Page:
Secondly: where does this absurd idea come from that 80+ percent of these guys’ remuneration has to be performance related?! “To reward them for good performance and stimulate them to act in the best interest of the company and its shareholders” you might say? To which I would reply “oh, come on!?” If your CEO is the type of guy who needs 90 percent performance-related pay or otherwise he won’t act in the best interest of the company, I would say the perfect time to get rid of him is yesterday. You and I do not need 90 percent performance related pay to do our best, do we? So why would it be allowed to hold for top managers? As Henry Mintzberg put it: “Real leaders don’t take bonuses”.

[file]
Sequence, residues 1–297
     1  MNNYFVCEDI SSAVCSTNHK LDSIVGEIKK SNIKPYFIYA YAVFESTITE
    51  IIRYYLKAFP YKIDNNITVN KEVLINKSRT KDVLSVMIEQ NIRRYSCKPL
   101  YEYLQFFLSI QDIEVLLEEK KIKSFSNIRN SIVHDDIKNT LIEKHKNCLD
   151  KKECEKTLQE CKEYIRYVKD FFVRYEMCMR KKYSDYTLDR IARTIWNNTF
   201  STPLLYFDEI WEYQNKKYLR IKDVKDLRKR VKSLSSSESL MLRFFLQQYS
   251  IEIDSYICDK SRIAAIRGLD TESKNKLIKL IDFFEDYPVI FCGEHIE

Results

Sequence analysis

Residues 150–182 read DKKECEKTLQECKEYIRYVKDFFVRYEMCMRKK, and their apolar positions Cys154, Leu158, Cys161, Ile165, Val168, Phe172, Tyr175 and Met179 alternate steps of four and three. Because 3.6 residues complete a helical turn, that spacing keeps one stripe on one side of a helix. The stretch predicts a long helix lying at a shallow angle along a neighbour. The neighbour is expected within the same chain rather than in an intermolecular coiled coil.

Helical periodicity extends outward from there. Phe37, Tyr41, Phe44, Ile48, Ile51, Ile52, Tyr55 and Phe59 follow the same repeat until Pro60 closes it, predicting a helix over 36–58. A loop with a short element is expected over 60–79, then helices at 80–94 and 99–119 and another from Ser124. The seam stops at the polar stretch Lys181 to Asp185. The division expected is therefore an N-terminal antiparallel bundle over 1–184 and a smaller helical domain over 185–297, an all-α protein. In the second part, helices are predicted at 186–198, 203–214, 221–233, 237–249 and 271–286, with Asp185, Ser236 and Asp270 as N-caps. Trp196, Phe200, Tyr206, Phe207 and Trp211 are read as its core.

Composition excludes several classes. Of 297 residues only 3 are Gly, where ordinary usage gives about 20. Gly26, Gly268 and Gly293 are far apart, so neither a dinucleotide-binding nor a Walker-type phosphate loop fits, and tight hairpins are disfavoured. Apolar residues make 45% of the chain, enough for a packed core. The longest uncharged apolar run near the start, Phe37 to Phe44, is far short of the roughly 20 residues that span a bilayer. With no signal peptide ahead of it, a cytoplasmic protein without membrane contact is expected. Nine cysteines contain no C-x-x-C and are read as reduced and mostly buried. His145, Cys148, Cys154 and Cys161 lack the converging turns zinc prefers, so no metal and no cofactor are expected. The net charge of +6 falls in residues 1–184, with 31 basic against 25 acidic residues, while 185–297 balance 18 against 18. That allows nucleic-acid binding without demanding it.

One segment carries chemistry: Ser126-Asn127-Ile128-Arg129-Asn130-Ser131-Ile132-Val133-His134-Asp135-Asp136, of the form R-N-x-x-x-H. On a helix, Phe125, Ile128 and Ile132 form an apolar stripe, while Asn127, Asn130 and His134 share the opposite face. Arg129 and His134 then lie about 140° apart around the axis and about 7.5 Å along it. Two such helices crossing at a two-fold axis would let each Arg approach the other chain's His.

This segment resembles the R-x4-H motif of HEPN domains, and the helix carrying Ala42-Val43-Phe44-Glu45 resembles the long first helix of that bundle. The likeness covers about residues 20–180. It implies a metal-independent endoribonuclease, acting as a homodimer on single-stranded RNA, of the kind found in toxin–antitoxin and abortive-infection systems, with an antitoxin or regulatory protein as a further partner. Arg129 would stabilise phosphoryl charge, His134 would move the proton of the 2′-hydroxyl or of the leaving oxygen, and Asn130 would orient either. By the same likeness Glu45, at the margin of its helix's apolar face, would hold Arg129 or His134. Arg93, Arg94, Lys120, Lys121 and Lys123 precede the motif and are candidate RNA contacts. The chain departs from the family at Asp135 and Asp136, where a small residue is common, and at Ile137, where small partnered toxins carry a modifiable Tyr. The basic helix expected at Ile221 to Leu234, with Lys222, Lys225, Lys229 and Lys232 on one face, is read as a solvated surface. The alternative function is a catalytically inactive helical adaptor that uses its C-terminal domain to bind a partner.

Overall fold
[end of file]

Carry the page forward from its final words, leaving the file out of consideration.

Moreover, one should only pay performance-related remuneration if you can actually measure the person’s performance. And that is – especially for top managers – actually pretty darn hard to do. The strategic decisions one takes this year will often only be felt 5 or 10 years from now, if not longer. Moreover, the performance of the company – which we always take to proxy the CEO’s performance – is influenced by a whole bunch of other things; many not under a CEO’s control. Hence, short term financial performance figures are a terrible indicator of a top manager’s performance in the job and long-term performance contracts all but impossible to specify. If you can’t reliably measure performance, don’t have performance-related pay, and certainly not 80+ percent of it. We know from ample research that humans start manipulating their performance when you tie their remuneration to some strange metric and, guess what, CEOs are pretty human (at least in that respect); they do too.